“Fear State” concludes this week in Batman #117, the culmination of Scarecrow and Magistrate’s plans crashing to a halt thanks to Batman. Well, hopefully, because if Batman doesn’t succeed, Scarecrow and the Magistrate will be behind millions of deaths! It’s a story that has been rocketing to the top of my pull list thanks to the exceptional art by Jorge Jimenez and a story that ties deeply into Batman’s desire to never stop trying to save Gotham.
This book is without a doubt one of the coolest looking books ever to see print. Jimenez and color artist Tomeu Morey are doing things visually that are hard to comprehend. Motion blur, lighting, and texture are just a few things that add realism to every page. It’s often hard to believe the level of detail you’re seeing, and it elevates every moment.
This issue pays off in a lot of ways, making the events of Batman #116 act as a satisfying bridge to his issue. Harley Quinn is an agent of resolution in the Poison Ivy subplot while Batman and Miracle Molly attempt to stop a bomb from going off. Batman ends up scratching the action itch superhero comics need while the Bat-Family satisfies the loose ends. I can’t say the villains come off as very strong or well developed here, but there’s little time for that as the story needs to close off each plot.
The real heart of the issue lies in Poison Ivy’s story. There’s a surprise involving a part of her identity that was lost which helps explain why she went so evil, but also how she’s not in the right headspace. There’s a metaphor here about mental health and not being who we really are at times.
Her actions directly lead to a rather satisfying explanation of what the Gotham residents are going through, which is conveyed via reporters on the news. There’s a message here about hope, never giving up on your fellow man, and knowing in the end we should feel more hopeful about humanity even in the toughest of times. Scarecrow’s mission was always to show Gotham to be unworthy of saving, and James Tynion IV shows us he was dead wrong in a well-written finish.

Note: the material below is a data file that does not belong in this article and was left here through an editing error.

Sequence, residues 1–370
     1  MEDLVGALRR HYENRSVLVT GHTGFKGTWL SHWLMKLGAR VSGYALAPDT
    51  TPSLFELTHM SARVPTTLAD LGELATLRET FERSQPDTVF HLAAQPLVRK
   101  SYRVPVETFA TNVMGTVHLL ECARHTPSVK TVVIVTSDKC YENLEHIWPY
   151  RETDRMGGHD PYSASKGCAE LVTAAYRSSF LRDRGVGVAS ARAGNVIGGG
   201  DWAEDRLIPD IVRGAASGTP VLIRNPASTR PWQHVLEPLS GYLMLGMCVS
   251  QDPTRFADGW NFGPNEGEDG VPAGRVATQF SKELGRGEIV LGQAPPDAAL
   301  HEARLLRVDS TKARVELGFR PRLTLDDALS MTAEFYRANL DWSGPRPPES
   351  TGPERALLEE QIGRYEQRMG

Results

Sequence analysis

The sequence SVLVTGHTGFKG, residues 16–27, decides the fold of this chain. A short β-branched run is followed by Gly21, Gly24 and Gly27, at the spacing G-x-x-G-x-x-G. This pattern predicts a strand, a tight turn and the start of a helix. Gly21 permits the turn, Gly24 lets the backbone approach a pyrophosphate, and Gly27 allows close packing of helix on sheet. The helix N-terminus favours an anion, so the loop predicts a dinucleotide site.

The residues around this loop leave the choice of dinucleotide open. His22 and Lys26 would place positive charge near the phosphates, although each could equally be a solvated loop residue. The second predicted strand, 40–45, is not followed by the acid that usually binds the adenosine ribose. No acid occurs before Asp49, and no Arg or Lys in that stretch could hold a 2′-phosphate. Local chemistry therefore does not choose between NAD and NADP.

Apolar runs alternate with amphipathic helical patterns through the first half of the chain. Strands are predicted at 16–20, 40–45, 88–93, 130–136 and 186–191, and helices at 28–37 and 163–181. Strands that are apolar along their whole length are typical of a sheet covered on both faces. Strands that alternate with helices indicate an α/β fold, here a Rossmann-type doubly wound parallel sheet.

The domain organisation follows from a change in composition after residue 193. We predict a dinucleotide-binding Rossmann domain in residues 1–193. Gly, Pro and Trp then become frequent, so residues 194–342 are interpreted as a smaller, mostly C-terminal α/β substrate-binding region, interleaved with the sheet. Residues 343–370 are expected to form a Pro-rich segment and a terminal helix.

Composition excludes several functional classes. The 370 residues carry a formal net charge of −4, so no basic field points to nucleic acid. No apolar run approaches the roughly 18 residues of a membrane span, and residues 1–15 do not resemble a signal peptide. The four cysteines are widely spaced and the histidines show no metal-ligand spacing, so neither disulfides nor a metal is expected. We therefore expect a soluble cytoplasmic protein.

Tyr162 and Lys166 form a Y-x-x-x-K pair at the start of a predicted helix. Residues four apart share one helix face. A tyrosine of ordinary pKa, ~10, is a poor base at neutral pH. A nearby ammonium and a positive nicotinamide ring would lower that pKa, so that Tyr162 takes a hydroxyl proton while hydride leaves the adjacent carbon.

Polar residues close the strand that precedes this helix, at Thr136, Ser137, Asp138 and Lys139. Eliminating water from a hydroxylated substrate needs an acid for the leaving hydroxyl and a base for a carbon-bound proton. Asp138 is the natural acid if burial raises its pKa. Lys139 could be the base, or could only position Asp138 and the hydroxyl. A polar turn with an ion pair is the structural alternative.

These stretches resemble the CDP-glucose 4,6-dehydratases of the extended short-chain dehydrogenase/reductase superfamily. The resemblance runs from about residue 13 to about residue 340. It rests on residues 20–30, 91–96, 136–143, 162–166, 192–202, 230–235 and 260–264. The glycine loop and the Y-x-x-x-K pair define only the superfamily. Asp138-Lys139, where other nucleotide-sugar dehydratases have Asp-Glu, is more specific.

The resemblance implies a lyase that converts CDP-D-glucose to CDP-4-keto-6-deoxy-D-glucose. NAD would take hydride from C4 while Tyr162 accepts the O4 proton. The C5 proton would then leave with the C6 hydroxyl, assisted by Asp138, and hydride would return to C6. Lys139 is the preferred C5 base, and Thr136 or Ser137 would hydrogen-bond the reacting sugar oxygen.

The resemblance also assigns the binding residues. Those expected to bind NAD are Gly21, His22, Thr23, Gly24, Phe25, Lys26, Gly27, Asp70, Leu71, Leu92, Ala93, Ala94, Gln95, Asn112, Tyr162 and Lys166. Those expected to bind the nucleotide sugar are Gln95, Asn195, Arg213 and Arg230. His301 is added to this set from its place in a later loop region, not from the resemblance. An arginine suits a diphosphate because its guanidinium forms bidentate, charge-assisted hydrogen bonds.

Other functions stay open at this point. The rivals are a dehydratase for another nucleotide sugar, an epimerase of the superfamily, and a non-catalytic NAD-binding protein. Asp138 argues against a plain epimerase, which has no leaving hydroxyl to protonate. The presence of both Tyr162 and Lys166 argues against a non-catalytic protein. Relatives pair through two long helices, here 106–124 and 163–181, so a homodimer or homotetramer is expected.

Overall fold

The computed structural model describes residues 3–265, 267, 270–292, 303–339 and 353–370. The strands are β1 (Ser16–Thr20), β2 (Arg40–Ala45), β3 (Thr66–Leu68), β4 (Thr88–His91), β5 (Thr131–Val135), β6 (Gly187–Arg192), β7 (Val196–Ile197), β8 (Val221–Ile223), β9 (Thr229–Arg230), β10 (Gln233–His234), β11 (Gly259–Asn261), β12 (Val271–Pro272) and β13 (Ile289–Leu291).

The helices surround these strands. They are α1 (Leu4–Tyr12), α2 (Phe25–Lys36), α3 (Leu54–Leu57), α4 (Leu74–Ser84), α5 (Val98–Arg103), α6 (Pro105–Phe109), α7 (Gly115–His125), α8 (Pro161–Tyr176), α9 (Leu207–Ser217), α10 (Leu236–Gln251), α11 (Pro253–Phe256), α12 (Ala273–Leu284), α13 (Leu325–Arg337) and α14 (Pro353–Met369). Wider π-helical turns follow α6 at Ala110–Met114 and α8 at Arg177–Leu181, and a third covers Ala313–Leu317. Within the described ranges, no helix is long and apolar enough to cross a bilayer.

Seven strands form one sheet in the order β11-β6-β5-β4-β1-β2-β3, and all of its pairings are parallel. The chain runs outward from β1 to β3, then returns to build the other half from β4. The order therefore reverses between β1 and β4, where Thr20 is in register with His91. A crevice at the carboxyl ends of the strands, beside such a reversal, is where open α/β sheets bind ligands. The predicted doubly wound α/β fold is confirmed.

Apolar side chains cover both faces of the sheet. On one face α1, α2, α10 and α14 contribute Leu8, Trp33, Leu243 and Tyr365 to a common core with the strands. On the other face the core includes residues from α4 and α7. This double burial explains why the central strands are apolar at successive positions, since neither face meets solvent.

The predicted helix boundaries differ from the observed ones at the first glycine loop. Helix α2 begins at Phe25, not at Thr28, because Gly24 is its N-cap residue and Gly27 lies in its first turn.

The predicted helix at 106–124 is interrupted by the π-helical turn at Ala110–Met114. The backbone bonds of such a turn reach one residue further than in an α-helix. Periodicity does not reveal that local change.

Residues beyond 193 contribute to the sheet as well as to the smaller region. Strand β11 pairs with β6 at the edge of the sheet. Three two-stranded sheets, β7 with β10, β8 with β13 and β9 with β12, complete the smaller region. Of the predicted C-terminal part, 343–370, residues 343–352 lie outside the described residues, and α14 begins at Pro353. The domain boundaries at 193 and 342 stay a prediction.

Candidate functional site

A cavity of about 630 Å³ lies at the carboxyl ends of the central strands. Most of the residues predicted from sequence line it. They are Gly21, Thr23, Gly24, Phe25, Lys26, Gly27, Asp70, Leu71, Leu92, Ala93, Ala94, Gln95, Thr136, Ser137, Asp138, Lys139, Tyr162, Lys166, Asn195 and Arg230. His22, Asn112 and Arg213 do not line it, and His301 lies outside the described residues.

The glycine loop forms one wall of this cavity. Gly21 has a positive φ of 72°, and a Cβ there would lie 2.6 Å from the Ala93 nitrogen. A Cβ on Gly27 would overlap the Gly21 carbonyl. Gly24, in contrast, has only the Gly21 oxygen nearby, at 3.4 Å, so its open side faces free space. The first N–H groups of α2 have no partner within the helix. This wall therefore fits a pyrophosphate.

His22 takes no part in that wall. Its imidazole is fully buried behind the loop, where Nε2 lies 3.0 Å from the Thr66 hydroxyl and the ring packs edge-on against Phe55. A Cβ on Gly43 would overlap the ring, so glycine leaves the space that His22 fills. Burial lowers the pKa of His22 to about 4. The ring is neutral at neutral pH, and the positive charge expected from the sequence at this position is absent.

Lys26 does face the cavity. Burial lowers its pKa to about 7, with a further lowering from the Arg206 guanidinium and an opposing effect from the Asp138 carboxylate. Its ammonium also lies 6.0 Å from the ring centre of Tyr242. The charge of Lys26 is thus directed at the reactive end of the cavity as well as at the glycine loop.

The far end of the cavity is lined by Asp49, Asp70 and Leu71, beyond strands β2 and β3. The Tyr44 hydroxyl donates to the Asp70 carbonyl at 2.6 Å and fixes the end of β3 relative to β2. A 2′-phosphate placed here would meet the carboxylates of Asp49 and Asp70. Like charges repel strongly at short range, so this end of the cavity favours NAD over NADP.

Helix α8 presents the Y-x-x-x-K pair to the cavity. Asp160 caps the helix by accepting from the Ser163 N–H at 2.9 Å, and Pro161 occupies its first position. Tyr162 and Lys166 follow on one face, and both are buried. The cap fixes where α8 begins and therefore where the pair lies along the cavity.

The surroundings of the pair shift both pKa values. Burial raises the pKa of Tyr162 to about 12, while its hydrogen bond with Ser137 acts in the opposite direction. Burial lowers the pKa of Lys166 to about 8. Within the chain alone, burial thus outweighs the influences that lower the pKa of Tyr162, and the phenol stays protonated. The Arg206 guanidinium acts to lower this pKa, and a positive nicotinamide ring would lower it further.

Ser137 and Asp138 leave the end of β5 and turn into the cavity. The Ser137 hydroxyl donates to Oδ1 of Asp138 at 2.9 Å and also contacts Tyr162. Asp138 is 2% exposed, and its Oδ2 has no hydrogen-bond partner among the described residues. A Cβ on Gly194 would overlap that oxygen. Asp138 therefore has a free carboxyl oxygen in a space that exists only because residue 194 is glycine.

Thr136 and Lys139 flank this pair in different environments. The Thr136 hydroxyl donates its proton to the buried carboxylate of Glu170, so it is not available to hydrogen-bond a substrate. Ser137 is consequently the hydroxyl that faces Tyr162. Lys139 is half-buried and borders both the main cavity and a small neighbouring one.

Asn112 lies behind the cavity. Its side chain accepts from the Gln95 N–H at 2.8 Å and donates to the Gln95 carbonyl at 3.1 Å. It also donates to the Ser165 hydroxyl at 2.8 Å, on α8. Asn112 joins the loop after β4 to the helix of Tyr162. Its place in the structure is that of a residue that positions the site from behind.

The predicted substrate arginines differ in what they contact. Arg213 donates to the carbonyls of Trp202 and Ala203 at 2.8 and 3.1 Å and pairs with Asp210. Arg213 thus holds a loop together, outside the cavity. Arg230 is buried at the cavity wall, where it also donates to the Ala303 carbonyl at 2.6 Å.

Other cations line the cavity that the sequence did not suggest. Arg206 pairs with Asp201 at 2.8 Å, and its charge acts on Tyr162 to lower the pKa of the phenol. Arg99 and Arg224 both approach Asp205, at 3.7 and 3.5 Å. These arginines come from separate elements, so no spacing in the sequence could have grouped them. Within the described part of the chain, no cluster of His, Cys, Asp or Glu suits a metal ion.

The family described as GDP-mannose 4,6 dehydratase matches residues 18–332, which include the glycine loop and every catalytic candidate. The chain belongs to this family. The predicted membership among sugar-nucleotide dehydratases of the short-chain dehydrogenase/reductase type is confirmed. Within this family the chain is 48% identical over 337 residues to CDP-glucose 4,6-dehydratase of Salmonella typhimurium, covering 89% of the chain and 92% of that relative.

Speaking of Tynion, knowing this is his last Batman comic makes this ending bittersweet. Seeing Jimenez draw the entire Bat-family looking up at the Bat symbol in the sky, one can feel a lot of emotions. Tynion has brought a lot of heart and honest-to-goodness joy from the series and he’ll be missed.
This issue also wraps up the Batgirls backup story by Becky Cloonan, Michael Conrad, and Jorge Corona as well. Cassie and Stephanie have gone into hiding and we get to see the antics they’re up to. Considering fighting crime nightly is their bag, it doesn’t go super well as they try to keep themselves entertained. This story further shows the bond these characters have helping to develop an idea of where they’ll be once Batgirls #1 comes out.
You’d think the story would feel stuffy, but Corona and color artist Sarah Stern use the tight space well by showing different angles, sometimes impossibly high above where the ceiling would be, to convey their boredom and how much they’re trashing the place. We also gain new insight into the villain they’re up against, who has a grungy, grafitti-drenched style that works well. Really, the entire story is graffiti-drenched thanks to Corona’s incredible lines.
If expectations were running high for Batman #117, you can breathe a sigh of relief: it’s a satisfying conclusion. Tynion and Jimenez have crafted a finale that resolves story elements, supplies ample character work, and closes the door on Gotham in a satisfying and hopeful way. Considering how Gotham tends to be incredibly dark and hopeless, it’s nice to see Tynion leaves Batman in a place where his love of these characters is obvious from cover to cover while drenched in artistic mastery by Jimenez and Morey.
Like what we do here at AIPT? Consider supporting us and independent comics journalism by becoming a patron today! In addition to our sincere thanks, you can browse AIPT ad-free, gain access to our vibrant Discord community of patrons and staff members, get trade paperbacks sent to your house every month, and a lot more. Click the button below to get started!